The aviation sector is predicted to book profits of up to $4bn this year after losing more than $30bn since 2000.

Passenger traffic in the Asia Pacific region is tipped to increase 14% in 2004 after declining 9.4% the previous year due to the fallout from SARS, said Giovanni Bisignani, director-general of the International Air Transport Association (IATA).

This is double the projected rise in global passenger traffic of 7% this year from a 2.4% slump in 2003, he said on the final day of an IATA-sponsored aviation conference in Singapore.

"Without surprises, 2004 will be better," Bisignani said, adding that global profit this year could range between $2bn and $4bn.

In regards to the region, he said: "Asia Pacific is a vital part of our industry. The future holds great things for Asia Pacific and for our industry."

But Bisignani, along with other industry leaders who spoke at the conference, urged airlines and their business partners to step up the pace of reforms if the aviation sector is to realise its growth potential.

Cost of security

Security fears led to several BA
flights being grounded recently

In particular, Bisignani said governments must bear the extra costs arising from increased security measures implemented to guard against terrorist acts after the 11 September terror attacks in the US.

The extra cost of airlines' compliance with the new security measures totalled more than $5bn since the attacks.

"There is no argument that airlines must bear the cost of ordinary aviation security.

"But the situation is now extraordinary ... in many cases we are being asked to pay for what is national security," he said.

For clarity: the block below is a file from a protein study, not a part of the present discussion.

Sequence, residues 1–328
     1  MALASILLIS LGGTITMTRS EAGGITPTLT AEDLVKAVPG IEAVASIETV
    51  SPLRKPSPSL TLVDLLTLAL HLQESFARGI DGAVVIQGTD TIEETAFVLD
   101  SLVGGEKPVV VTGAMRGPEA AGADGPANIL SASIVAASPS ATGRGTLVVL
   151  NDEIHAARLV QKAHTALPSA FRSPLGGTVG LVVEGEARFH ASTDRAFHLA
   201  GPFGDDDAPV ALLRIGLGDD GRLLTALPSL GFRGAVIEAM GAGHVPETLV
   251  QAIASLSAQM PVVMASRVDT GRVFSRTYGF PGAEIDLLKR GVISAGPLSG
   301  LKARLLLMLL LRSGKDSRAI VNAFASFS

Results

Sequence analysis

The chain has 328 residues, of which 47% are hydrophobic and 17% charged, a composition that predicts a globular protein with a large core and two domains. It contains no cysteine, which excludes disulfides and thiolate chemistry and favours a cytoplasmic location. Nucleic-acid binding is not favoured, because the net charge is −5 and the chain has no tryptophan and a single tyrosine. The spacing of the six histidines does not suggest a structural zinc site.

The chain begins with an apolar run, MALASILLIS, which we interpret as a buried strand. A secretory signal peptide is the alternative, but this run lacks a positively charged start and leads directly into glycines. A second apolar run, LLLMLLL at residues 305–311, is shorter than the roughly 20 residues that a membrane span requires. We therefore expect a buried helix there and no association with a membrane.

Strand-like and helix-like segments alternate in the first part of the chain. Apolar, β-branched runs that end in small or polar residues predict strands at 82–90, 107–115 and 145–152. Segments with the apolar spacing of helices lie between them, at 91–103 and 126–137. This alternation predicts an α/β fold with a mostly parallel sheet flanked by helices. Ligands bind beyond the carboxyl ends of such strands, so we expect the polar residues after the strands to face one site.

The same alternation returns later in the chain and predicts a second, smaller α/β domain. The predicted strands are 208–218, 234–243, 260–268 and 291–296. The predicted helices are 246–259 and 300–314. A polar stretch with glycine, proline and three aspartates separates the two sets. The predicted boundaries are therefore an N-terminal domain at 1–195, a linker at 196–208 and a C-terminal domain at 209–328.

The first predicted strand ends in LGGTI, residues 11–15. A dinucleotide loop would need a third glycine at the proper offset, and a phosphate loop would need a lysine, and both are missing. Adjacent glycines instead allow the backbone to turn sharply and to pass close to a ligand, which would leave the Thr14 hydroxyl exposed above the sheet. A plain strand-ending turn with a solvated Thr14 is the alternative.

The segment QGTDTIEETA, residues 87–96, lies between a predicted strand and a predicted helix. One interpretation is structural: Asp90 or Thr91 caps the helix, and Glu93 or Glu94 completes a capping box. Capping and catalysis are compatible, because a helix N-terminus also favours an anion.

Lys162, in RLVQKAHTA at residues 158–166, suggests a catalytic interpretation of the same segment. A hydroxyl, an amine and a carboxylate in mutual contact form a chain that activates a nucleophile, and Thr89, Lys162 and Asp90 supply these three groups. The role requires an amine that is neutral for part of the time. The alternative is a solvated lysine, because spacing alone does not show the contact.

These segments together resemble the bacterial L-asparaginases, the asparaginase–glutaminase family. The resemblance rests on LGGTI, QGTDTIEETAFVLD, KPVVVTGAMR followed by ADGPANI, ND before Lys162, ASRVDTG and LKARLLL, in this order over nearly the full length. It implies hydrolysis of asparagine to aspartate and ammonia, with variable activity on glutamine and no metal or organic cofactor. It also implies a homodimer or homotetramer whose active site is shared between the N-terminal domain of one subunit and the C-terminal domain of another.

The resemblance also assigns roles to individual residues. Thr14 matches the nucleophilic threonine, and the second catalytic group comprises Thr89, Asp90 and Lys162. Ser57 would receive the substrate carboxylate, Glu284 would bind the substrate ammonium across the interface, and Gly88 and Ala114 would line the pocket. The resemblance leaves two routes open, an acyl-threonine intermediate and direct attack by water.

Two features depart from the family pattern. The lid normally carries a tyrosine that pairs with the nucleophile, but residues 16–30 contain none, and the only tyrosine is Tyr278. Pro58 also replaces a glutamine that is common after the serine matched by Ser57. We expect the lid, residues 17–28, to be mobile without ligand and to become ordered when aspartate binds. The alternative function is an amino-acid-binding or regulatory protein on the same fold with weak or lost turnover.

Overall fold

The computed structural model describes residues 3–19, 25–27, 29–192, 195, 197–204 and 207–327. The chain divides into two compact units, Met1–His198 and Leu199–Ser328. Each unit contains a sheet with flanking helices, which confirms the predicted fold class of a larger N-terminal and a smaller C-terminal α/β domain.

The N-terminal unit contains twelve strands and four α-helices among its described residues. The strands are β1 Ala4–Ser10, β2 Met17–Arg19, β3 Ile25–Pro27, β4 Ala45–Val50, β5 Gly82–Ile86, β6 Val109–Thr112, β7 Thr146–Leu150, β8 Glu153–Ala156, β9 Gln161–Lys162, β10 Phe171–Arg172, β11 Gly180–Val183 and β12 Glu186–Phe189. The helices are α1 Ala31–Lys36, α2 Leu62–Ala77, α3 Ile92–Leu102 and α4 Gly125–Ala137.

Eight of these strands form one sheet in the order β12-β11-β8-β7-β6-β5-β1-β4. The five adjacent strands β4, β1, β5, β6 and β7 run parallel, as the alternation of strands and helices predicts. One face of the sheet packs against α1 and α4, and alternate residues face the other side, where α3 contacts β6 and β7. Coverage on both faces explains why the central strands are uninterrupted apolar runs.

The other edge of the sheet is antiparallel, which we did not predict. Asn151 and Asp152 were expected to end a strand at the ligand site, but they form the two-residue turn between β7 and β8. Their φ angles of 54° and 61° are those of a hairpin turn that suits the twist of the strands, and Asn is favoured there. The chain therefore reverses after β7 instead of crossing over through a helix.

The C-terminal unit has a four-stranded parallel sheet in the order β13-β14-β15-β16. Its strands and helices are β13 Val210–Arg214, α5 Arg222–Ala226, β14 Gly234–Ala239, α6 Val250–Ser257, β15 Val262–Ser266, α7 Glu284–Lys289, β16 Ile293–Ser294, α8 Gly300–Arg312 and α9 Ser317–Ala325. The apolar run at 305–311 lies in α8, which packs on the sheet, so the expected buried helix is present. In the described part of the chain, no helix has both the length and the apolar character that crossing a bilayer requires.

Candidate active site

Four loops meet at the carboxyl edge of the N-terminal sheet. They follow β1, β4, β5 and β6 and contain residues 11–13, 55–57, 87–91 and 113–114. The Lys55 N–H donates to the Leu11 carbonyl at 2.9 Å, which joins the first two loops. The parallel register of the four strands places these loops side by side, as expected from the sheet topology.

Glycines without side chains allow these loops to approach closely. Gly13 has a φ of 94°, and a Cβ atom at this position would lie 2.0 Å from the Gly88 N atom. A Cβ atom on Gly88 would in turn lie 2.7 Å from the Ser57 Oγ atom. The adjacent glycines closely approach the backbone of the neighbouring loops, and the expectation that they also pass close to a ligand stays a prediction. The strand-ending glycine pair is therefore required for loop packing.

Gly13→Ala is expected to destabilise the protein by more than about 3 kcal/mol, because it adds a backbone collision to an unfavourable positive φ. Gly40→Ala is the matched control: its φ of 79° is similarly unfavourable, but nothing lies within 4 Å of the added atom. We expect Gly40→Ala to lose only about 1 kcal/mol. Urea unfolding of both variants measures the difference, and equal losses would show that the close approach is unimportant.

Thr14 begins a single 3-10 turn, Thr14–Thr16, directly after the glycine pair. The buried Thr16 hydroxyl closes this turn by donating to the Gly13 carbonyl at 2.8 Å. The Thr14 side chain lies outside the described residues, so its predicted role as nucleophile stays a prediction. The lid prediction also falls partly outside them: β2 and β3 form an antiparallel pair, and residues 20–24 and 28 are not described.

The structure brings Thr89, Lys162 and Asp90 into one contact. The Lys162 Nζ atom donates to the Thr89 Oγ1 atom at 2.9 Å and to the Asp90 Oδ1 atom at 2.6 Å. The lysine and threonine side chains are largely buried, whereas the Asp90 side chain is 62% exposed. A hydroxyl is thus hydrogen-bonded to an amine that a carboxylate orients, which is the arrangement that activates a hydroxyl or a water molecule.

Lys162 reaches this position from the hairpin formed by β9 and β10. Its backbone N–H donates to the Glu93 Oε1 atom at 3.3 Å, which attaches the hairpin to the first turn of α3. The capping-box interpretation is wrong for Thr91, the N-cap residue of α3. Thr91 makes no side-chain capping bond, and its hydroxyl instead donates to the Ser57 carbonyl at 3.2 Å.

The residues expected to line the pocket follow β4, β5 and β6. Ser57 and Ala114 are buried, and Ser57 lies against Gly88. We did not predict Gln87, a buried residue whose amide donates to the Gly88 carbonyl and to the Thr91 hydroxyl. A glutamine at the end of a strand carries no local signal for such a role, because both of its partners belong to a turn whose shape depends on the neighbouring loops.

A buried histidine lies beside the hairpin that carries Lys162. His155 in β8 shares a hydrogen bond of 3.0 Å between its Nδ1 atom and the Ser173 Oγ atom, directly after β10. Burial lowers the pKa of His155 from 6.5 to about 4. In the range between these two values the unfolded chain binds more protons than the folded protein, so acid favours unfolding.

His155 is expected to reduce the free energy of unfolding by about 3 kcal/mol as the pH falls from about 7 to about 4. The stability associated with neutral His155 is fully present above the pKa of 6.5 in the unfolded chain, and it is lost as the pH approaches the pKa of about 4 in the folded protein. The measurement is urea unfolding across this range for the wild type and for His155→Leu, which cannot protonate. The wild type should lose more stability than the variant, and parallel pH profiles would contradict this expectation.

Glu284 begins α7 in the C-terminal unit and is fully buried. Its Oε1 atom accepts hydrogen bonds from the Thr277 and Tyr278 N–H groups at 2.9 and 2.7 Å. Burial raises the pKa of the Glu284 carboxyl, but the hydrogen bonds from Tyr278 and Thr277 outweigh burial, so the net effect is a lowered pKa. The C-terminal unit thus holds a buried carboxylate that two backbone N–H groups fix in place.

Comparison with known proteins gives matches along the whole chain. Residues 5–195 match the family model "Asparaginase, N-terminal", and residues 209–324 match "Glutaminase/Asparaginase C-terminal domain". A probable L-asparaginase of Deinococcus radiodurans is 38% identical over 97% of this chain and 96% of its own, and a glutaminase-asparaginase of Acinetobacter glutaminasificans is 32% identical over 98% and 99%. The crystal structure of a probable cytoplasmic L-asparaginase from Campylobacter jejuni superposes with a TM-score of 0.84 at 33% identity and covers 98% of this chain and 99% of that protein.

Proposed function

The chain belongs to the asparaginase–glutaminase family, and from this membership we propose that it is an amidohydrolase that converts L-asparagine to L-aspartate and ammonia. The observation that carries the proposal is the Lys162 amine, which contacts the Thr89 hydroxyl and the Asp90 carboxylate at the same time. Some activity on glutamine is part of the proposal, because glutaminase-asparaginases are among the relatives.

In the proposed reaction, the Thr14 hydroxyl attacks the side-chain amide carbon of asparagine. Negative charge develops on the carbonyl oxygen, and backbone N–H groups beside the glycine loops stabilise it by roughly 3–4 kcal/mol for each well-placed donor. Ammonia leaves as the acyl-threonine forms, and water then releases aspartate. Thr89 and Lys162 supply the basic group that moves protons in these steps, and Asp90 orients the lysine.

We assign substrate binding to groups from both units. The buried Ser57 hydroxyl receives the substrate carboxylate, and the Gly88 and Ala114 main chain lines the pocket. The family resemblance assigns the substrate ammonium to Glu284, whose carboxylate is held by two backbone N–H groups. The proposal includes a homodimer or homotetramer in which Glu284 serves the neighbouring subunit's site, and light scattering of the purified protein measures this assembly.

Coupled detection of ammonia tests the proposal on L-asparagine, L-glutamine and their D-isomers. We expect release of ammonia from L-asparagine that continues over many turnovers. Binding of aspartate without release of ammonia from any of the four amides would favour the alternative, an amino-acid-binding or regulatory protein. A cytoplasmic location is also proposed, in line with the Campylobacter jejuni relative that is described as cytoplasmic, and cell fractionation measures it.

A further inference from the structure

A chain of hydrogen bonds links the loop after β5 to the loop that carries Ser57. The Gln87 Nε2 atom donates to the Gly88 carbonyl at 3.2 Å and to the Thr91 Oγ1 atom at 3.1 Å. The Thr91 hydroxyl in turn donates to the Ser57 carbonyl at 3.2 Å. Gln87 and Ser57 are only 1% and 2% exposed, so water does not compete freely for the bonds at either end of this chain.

"This is not fair and must change. Our target is to get governments to accept the extraordinary cost of security ... like they do for any other national security issue."

Staying focused

"The pace of change in Asia will increase. As has happened in the US and Europe, the winners will be those countries in Asia whose governments liberally exchange traffic rights and expose their national airlines to market competition"

Lee Kuan Yew,
Singapore minister

Another area which also needs to be looked at again is the tendency for airlines to want to dominate every segment of the industry, he said.

This practice more often than not tended to work against the carriers, said Tony Fernandes, founder and chief executive of the popular Malaysian budget carrier AirAsia.

"I feel airlines and governments have caused a lot of the problems that they are in themselves.

"Airlines generally are not focused ... they try to do everything and try to control every part of the market in many ways.

"And in my three years, I have found it absolutely impossible to try and do anything else but stay focused on our core business."

Bright prospects

Singapore's founding father, Lee Kuan Yew, shared Bisignani's upbeat assessments of the region's aviation prospects.

But he said it would require governments to liberalise the aviation sector and increase competition.

"The pace of change in Asia will increase," he said late on Sunday in a keynote speech to the IATA conference.

"As has happened in the US and Europe, the winners will be those countries in Asia whose governments liberally exchange traffic rights and expose their national airlines to market competition."

In parts of Asia, this is already happening, said Lee, the city-state's first prime minister who remains an influential figure as senior minister in the government.

"Governments in Asia are beginning to liberalise their air transport regimes. They have seen the potential spin-offs in trade, tourism and investment flows," he said.